The longer the arc (a ring is a 360° arc), the more stable the region.

Frequency diffusion

The authors studied

  1. the stability of the dusty particles over 18 years
  2. the stability of the satellites in the system of Saturn over several hundreds of kilo-years (kyr).

For the stability of the particles, they computed the frequency diffusion index. It consists in:

  1. Simulating the motion of the particles over 18 years,
  2. Determining the main frequency of the dynamics over the first 9 years, and over the last 9 ones,
  3. Comparing these two numbers. The smaller the difference, the more stable you are.

The numerical simulations is something I have addressed in previous posts: you use a numerical integrator to simulate the motion of the particle, in considering an oblate Saturn, the oblateness being mostly due to the rings, and several satellites. Our four guys, and Janus, Epimetheus, Mimas, Enceladus, and Tethys.

How resonances destabilize an orbit

When a planetary body is trapped in a mean-motion resonance, there is an angle, which is an integer combination of angles present in its dynamics and in the dynamics of the other body, which librates. An example is the MMR Aegaeon-Mimas, which causes the angle 7λMimas-6λAegaeonMimas to librate. λ is the mean longitude, and ϖ is the longitude of the pericentre. Such a resonance is supposed to affect the dynamics of the two satellites but, given their huge mass ratio (Mimas is between 300 and 500 millions times heavier than Aegaeon), only Aegaeon is affected. The resonance is at a given location, and Aegaeon stays there.
But a given resonance has some width, and several resonant angles (we say arguments) are associated with a resonance ratio. As a consequence, several resonances may overlap, and in that case … my my my…
The small body is shaken between different locations, its eccentricity and / or inclination can be raised, until being dynamically unstable…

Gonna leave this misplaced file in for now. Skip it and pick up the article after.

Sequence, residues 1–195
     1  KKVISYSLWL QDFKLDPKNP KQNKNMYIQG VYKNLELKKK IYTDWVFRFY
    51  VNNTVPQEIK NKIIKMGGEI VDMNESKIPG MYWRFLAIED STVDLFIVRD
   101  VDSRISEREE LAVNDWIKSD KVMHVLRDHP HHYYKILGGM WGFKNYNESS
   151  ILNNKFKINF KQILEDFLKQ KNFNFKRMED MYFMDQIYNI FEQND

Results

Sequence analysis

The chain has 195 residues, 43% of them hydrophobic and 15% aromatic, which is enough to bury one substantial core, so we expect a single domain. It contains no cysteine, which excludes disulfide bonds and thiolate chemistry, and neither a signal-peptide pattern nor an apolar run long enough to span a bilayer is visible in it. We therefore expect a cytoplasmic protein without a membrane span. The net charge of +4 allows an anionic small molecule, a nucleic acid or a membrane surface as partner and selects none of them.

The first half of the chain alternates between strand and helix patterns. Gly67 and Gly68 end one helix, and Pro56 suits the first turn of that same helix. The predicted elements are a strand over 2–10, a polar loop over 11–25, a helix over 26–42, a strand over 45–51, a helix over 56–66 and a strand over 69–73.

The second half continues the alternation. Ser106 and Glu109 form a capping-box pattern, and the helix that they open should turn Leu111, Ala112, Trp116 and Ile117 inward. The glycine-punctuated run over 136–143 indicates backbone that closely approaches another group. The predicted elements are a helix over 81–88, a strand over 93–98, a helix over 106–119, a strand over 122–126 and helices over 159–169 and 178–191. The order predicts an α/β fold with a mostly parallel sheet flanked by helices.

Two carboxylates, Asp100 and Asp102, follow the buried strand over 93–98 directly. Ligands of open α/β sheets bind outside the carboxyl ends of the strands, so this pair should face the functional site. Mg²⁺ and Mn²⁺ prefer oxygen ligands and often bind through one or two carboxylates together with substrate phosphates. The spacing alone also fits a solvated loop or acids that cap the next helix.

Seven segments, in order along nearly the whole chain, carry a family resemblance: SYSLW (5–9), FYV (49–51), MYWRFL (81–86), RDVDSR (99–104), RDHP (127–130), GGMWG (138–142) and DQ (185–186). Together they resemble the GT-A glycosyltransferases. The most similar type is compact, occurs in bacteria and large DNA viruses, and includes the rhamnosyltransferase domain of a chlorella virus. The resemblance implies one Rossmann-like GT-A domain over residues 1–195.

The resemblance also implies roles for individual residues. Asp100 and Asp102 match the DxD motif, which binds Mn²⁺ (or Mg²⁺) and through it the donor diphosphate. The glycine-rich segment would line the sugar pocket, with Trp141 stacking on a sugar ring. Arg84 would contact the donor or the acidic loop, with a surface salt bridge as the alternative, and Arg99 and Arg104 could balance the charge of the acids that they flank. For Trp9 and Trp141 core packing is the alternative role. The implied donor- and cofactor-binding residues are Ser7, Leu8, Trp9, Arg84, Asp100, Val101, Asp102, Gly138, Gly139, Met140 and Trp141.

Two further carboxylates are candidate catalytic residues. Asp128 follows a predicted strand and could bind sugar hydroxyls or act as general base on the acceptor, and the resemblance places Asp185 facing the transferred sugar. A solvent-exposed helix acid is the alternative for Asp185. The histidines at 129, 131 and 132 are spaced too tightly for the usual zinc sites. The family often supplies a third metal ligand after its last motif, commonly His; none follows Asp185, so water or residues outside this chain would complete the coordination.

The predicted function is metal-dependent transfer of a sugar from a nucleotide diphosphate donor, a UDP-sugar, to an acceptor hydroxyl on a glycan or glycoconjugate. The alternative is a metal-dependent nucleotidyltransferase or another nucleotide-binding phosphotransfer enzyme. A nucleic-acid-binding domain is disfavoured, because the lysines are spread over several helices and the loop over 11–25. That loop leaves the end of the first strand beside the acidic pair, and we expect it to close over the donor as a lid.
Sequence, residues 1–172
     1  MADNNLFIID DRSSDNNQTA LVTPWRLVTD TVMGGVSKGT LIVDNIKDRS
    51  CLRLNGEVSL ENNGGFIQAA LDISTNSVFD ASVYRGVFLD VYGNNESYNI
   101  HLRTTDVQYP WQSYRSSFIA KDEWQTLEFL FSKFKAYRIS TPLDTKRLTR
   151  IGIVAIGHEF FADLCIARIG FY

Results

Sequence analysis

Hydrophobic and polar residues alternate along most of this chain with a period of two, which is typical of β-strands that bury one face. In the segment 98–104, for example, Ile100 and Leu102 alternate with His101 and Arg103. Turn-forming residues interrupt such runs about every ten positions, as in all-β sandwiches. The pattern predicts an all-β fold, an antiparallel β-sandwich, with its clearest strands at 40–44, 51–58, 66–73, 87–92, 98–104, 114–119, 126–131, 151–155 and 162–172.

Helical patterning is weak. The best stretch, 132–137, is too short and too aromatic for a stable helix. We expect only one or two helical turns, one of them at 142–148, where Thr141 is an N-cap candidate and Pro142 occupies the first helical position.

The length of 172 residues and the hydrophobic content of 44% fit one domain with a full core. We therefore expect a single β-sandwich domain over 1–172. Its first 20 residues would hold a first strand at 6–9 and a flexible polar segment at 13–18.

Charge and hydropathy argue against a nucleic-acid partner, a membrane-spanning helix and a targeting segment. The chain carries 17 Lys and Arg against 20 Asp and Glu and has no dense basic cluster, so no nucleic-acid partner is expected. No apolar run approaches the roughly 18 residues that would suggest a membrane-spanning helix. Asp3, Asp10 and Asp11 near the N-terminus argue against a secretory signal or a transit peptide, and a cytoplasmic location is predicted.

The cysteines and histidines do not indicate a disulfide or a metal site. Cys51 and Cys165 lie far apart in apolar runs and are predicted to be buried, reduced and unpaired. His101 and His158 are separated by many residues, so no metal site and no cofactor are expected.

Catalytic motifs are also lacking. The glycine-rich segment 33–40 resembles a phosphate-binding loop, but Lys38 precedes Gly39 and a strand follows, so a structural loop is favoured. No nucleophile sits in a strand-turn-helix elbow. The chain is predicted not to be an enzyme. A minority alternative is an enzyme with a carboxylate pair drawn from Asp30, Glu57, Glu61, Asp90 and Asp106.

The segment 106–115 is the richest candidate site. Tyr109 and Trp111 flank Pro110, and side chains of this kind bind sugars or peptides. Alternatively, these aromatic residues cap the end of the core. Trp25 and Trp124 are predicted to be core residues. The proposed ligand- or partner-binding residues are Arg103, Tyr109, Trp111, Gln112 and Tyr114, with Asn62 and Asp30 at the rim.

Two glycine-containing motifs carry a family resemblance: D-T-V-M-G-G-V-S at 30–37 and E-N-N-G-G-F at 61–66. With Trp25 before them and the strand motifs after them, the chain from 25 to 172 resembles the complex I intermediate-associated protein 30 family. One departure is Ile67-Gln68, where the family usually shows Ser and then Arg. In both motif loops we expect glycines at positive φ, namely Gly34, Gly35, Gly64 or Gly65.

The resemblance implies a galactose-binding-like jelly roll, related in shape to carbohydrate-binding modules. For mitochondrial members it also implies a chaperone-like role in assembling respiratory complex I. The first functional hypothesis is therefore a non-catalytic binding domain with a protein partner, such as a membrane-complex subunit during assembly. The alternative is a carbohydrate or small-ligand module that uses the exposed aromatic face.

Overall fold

And in this particular region of the system of Saturn, there are many resonances, which means that the stability of the discovered body is not obvious. This is why the authors studied it.

Results

Stability of the dusty particles

The authors find that Pallene cannot clear its ring efficiently, despite its size. Actually, this zone is the most stable, wrt the dynamical environments of Anthe, Methone and Aegaeon. However, 25% of the particles constituting the G Ring should collide with Aegaeon in 18 years. This probably means that there is a mechanism, which refills the G Ring.

Stability of the satellites

From long-term numerical simulations over 400 kyr, i.e. more than one hundred millions of orbits, these 4 satellites are stable. For Pallene, the authors guarantee its stability over 64 Myr. Among the 4, this is the furthest satellite from Saturn, which makes it less affected by the resonances.

A perspective

The authors mention as a possible perspective the action of the non-gravitational forces, such as the solar radiation pressure and the plasma drag, which could affect the dynamics of such small bodies. I would like to add another one: the secular tides with Saturn, and the pull of the rings. They would induce drifts of the satellites, and of the resonances associated. The expected order of magnitude of these drifts would be an expansion of the orbits of a few km / tens of km per Myr. This seems pretty small, but not that small if we keep in mind that two resonances affecting Methone are separated by 4 km only.